The Sudanese government denied allegations that it would free a pregnant Christian woman set to be hanged for apostasy, stating that hints suggesting her freedom were misconstrued.
“[I am] not aware that any release is imminent,” Abu Bakr al-Sideeg, spokesman for the Sudanese foreign ministry, stated Sunday.
Meriam Yahia Ibrahim Ishag was sentenced to death on May 15, in accordance with Sharia law. Sharia law outlaws Muslim women marrying non-Muslim men - and outlaws conversion under pain of death. Ishag, who has refused to renounce her faith, also gave birth to a baby girl Tuesday.
Ishag's husband, US citizen Daniel Wani, also denied that her release was imminent.
“No Sudanese or foreign mediator contacted me. Maybe there are contacts between the Sudanese government and foreign sides that I’m not aware of,” Wani told BBC. “As far as I’m concerned I will wait for the appeal which my lawyer submitted and I hope that my wife will be released.”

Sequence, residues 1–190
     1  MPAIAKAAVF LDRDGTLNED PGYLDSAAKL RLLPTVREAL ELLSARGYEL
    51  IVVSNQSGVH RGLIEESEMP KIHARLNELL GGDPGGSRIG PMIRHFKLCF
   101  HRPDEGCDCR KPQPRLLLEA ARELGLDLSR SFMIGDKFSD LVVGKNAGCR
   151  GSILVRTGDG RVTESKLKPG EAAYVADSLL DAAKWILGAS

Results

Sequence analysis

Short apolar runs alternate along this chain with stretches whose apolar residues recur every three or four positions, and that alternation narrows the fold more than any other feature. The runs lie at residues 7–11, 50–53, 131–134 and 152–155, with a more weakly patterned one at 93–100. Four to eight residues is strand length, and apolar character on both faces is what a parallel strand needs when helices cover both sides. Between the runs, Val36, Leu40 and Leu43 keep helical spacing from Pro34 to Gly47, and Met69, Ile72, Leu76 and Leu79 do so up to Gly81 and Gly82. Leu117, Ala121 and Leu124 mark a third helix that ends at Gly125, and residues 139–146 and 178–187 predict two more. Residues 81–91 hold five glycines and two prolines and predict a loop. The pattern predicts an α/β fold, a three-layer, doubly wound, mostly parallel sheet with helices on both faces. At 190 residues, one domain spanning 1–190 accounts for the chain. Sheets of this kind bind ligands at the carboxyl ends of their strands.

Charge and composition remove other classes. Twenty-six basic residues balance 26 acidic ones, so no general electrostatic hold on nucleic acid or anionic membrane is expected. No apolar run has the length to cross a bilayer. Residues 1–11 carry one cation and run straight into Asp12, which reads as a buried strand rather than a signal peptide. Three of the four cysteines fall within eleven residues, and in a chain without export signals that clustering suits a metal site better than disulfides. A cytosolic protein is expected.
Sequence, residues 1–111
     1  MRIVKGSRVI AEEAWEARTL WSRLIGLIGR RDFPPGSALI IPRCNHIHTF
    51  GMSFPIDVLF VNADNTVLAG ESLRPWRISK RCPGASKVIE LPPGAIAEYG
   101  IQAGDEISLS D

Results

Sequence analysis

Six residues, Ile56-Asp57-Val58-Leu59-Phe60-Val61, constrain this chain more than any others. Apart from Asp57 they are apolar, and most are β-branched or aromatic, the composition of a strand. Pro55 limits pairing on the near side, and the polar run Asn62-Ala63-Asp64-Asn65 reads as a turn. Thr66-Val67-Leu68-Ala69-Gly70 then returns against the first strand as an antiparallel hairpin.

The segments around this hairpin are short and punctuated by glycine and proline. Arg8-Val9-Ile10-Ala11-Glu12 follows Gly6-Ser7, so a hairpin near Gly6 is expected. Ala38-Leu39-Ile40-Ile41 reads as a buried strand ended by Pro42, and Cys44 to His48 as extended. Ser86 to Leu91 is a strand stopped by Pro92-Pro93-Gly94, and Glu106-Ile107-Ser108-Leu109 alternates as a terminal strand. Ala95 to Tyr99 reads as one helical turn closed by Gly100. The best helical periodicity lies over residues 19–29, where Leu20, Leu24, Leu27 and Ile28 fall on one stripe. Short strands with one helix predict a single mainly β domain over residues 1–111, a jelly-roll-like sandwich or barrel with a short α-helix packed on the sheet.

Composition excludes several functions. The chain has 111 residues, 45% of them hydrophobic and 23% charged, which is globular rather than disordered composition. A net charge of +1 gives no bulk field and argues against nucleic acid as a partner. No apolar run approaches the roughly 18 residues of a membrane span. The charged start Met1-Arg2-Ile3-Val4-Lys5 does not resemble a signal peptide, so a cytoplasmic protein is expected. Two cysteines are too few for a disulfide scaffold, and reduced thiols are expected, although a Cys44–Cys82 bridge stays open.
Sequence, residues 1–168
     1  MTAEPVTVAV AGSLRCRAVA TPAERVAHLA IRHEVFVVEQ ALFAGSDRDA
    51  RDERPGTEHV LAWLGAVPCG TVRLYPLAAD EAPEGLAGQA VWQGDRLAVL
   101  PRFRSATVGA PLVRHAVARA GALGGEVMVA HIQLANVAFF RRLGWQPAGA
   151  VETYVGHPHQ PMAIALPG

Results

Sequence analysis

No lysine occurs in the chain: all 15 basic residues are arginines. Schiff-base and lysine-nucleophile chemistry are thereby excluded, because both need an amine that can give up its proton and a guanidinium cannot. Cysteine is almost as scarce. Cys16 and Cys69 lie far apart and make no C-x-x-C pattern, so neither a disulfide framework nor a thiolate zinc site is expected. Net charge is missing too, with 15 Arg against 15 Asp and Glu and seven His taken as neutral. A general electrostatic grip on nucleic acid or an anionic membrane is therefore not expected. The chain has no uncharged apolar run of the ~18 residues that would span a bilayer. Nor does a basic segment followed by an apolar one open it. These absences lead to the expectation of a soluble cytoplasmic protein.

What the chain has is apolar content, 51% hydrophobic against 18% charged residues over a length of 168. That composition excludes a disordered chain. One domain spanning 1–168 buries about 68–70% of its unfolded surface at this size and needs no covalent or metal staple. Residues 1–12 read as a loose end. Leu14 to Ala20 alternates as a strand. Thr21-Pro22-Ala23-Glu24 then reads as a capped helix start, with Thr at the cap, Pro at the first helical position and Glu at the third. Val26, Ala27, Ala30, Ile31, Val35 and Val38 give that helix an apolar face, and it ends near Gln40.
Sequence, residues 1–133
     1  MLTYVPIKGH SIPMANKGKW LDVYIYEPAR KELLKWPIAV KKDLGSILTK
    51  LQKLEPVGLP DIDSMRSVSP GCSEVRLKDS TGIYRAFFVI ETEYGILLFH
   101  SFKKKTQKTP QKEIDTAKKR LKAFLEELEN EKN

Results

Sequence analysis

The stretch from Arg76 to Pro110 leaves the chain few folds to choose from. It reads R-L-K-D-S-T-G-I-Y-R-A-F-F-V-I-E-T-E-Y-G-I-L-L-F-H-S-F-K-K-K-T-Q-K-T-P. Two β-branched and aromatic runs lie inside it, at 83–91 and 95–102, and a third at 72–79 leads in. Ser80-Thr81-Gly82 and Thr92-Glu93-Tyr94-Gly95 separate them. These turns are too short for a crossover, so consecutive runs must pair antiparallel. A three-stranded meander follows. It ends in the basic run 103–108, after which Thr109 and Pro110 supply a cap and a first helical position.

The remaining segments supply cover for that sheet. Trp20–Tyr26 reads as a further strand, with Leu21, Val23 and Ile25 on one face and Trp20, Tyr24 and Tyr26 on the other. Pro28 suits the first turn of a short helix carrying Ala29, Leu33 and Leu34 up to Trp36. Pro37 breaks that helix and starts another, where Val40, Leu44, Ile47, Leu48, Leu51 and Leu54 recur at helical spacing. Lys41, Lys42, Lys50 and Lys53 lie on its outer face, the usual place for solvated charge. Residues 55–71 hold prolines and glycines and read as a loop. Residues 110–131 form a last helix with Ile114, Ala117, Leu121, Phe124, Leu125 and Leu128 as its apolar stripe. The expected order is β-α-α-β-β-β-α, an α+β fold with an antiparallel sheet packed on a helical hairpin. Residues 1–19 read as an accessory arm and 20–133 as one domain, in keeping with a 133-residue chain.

Manar Idriss, Sudan researcher for Amnesty International, reiterated that reports of a release remain unconfirmed.
“We’ve received no confirmation that Meriam is going to be released and the appeal court has yet to issue any such ruling confirming a release," she said.
Ishag was born to a Muslim father, but has insisted that she herself is not guilty of "apostasy," as she is not Muslim.
According to the British Telegraph, she even produced a marriage certificate as evidence that she had not committed adultery, and called three witnesses from her home town to testify of her lifelong adherence to Christianity.
Sharia court ultimately disagreed, and sentenced her to death and 100 lashes for "adultery." The death sentence is not due to be carried out until 2016.